Monday, March 1, 2010

Slow Monday

I'm really moving slowly today. I've been at work for over 4 hours, and I can't remember anything I've done. I know I met with my boss (Fawn) already, to go over what she missed last week while out of town for training, and what I've been working on. And I finished a set of Plant Cards - visual aides for use while leading hikes (and a good training tool, if my replacement isn't familiar with the plants he/she will need to know here at Rainier).

I had a good weekend, but I didn't get enough sleep. I think that's it.

I must need coffee. ;)


Ok a couple of hours have passed since I wrote that...

I think I'm also feeling a bit overwhelmed. I just received a thank-you email from one of our park staff, thanking me for helping them last week while they were using one of the classrooms in our building. (I helped them set up all of their computers and made sure the network ports were working our building... a typical task for me. I sometimes feel like the local tech nerd, but still happy to help.)

Anyway, after the note, her email signature section contained this phrase:

Preservation and Enjoyment -- A Mountain of a Job

I think I'm going to notate that as Universal Truth #215.

One of our on-going projects here at the Education Center is a revamping of our whole operation. How we operate, logistics, program offerings, outreach opportunties on our part, website contents, etc. etc. etc. Anything that you can think of, basically like reviewing and updating our business model and products (to steal terms from the corporate world), is on-going these days since our former boss left. There were a lot of messes to clean up in her wake, but overall, I believe this program is better off now than it was before.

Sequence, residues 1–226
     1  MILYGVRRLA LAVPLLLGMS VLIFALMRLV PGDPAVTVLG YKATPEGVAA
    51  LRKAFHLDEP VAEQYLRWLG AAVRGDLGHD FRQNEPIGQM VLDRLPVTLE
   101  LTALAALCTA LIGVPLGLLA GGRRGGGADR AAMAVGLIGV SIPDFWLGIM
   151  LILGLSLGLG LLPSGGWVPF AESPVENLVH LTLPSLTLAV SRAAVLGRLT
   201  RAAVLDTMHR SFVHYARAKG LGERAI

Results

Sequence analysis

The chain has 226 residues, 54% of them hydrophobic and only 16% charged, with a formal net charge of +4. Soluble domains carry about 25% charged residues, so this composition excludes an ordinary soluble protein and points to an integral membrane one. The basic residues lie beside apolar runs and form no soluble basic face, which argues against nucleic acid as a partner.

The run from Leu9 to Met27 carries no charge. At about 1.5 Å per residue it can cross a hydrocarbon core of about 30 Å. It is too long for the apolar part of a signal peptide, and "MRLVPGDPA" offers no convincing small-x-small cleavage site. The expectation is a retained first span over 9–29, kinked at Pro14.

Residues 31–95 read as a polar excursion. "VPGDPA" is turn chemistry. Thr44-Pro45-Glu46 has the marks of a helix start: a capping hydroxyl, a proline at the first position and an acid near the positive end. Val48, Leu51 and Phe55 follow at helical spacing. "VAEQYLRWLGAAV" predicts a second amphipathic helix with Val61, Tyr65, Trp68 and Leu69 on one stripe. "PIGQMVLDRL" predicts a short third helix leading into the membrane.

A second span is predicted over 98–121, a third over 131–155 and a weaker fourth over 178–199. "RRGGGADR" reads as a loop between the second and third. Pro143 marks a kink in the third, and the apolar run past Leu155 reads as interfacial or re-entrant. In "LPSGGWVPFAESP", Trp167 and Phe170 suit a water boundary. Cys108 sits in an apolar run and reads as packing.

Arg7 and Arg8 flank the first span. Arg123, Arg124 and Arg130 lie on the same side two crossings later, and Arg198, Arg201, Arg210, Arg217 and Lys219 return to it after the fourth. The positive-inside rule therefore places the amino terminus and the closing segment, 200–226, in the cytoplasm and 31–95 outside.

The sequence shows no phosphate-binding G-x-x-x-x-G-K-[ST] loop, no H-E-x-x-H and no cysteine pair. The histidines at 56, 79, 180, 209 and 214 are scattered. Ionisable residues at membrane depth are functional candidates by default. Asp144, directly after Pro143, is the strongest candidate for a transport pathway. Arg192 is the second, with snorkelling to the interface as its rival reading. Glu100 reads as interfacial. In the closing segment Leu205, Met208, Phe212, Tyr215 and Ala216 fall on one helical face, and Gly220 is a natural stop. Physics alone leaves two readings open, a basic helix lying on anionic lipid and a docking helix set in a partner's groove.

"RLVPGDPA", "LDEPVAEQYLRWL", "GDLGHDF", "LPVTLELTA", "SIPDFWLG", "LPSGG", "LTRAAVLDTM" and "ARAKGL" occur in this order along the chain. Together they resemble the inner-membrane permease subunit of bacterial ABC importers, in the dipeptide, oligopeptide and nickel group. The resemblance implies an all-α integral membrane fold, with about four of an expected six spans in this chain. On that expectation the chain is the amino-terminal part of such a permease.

Nearly every day, Fawn or I come up with something that we (read: "the Education Center") should have been doing for the past 10 years or so. These involve:
  • training materials for new staff
  • process for teachers reserving dates/locations for their field trips
  • the types of programs we offer for field trips
  • processes for park staff to use our building/materials (second priority to classes visiting us)
  • outreach to local schools (many of which were hurt by said former boss)
  • materials for use in classrooms - bringing Rainier TO school children instead of the other way around
  • website resources (which we get requests for, but are somewhat unable to provide at this time)
  • materials to be used by rangers with students on hikes or inside Ed center (on days of bad weather)

I have 4-5 on-going projects at the present time, related to those things listed above. And every day, I come up with a few more things that would be useful/helpful. As I mentioned earlier today, I finished a set of plant ID cards to be used in the field. One of my next *small* tasks will be to put together the type of PDF/handout that we can email to teachers/students who request information for school projects. We will still send out the standard park brochures to students who send us regular paper requests (snail mail!) but for those that email, we'd like to have a set of links ready to go. I'm going to cheat and model ours after Yosemite's Cheat Sheet. In the near future, I will start putting together a training manual for those that come after me - something I wish I'd had when I came here (but, of course, the boss at the time didn't provide any training herself, so my fellow interps trained me as best they could - thanks Julia!!!).

Back to the phrase above.... It is a mountain of a job. Besides preservation and enjoyment, add to the list "education". Because that's what we focus on here in my office.

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